- What is Jal Jeevan Mission?
- What are the Pros of the mission?
- What are the issues with respect to the mission?
- What is the best way forward?
Ensuring Water Security
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- Recently the Prime Minister has recently released the operational guidelines of Jal Jeevan Mission which is the Central Government`s initiative to provide Functional Household Tap Connections to every rural household by 2024.
- Currently, 81.67 percent are yet to have household tap connections for water.
What is Jal Jeevan Mission?
- Government of India has restructured and subsumed the ongoing National Rural Drinking Water Programme (NRDWP) into Jal Jeevan Mission (JJM) to provide Functional Household Tap Connection (FHTC) to every rural household i.e., Har Ghar Nal Se Jal (HGNSJ) by 2024.
- Nodal ministry for the scheme is Jal Shakti Ministry.
The following kinds of works/ schemes are proposed to be taken up under JJM:
The Jal Jeevan Scheme will be implemented through institutional mechanism at four levels – national, state, district and gram panchayat or its sub committees.
Women will play a bigger role in this scheme and the paani samitis or the user group will decide about the user fee for the sustainability of the scheme.
What are the good points with respect to the mission?
- The government created the Ministry of Jal Shakti. It integrated the water resources management part and service delivery of drinking water and sanitation. This is the first time in the water sector where there has been institutional integration.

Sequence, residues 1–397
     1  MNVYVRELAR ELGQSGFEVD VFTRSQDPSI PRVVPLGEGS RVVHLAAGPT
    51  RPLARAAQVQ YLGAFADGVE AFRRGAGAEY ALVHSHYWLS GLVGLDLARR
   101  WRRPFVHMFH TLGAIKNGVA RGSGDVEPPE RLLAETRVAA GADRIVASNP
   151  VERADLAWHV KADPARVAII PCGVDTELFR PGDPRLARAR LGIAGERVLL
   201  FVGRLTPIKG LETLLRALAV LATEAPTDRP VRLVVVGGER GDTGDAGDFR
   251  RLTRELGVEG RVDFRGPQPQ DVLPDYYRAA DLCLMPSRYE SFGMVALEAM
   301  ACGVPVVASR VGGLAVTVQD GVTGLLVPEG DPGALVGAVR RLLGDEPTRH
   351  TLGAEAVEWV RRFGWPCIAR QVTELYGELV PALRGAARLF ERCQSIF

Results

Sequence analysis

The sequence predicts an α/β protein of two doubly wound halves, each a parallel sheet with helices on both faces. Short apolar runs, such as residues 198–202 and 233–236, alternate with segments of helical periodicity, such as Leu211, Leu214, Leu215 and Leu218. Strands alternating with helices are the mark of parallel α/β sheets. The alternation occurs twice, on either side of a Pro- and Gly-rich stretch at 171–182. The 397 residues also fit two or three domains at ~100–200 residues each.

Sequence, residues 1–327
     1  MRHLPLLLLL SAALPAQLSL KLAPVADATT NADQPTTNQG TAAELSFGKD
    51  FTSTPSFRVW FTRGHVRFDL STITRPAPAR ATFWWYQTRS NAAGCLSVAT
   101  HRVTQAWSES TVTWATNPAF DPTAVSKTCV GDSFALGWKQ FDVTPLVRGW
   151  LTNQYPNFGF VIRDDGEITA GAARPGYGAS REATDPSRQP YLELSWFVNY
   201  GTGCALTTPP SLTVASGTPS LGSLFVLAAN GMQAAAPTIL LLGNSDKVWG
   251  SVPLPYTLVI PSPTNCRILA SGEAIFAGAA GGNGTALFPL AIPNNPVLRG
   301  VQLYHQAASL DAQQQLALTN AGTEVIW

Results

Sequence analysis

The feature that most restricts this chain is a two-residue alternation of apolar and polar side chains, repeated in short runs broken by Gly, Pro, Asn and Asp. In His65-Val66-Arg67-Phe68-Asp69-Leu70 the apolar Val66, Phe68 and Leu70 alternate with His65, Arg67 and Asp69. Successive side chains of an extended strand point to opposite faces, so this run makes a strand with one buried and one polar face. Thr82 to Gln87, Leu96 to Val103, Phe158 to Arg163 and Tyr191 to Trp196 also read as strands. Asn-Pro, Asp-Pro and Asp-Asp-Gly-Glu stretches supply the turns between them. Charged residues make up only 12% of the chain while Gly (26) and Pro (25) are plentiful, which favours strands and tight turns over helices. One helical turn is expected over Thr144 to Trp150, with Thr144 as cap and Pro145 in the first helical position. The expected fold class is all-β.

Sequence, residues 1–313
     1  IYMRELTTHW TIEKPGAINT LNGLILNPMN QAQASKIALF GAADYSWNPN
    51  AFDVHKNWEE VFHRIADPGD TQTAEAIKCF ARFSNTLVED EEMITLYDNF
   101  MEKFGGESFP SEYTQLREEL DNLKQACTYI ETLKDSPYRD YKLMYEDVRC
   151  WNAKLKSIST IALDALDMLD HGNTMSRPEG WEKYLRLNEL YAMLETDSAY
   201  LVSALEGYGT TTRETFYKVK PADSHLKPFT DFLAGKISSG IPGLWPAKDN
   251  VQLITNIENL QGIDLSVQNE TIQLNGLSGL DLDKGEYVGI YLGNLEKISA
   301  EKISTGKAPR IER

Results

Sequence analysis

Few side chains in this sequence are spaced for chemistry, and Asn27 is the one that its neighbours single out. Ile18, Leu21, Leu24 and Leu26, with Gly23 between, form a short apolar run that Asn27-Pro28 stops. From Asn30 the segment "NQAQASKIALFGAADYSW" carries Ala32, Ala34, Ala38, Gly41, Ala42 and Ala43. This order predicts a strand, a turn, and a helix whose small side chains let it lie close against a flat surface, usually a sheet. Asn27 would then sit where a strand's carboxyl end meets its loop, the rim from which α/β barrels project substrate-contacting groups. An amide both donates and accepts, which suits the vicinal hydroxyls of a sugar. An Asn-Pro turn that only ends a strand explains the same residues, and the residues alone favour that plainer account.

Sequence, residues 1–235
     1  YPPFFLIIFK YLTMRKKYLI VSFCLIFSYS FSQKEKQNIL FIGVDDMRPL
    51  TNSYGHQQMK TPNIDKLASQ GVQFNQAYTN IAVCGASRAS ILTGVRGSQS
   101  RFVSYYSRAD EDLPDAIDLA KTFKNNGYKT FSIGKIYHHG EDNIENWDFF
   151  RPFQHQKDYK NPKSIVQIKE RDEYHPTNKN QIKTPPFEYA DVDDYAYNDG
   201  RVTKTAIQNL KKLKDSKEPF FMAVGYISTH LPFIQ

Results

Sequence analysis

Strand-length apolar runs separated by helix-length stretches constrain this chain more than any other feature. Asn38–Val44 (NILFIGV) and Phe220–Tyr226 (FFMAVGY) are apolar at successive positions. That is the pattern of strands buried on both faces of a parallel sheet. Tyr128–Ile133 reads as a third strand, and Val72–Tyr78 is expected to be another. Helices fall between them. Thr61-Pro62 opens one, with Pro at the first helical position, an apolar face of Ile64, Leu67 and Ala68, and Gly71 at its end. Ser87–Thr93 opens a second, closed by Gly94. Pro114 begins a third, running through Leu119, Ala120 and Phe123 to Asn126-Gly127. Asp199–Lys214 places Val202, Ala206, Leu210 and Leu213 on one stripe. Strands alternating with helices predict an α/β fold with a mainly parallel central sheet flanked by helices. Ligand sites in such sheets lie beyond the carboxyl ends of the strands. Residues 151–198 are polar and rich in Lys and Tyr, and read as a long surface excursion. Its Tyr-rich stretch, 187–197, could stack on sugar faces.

- This mission is complimentary to the Atal Bhujal Yojana which will ensure source sustainability.
- The implementation will help reach India reach the Sustainable Development Goal target well before 2030.
- It will also provide an opportunity to reorient our water systems to meet the challenges posed by climate change.
- Space technology, aquifer mapping, 3-D contour mapping and use of sensor technology will be part of the programme.
- All stakeholders were involved in developing the guidelines.
- Capacity building will be the core of the programme.
With Respect to Women and the Community:
- Women who have borne the brunt and drudgery of fetching water from long distances will now be able to take a lead in the programme.
- Paani samiti will be a statutory subcommittee of the gram panchayat. The paani samithis will have at least 50% representations by women and can go much more even upto 100%.
- Concept of user fee gives a signal that water is a precious commodity.
- Involvement of the community makes the mission a Jan Andolan.
What are the issues with respect to the mission?
What is the best way forward?
- Integrated water management by incorporating source sustainability practices into the programme like groundwater recharge, wetland conservation etc.
- We don’t have a policy on how different sectors draw water from fresh water sources and planning needs to happen here.
- Greater coordination is required among ministries like the Ministry of Environment, Forests and Climate Change, Ministry of Human Resources Development and among others.
- Also at all levels a great deal of coordination and if possible integration of instruments will be required.
- There are new concepts in the mission like digitalisation of greywater, planning etc. Capacity building of water managers at the state level is very important.
- Decentralised solutions to ensure water availability to marginalised people can also be considered.
The road ahead to raise the level of sanitation from 18% to 100% in five years is not easy and it is going to be an uphill task. But the panellists and government guidelines seem to suggest that by involving people and account for all variations, the implementation of the mission will yield positive results.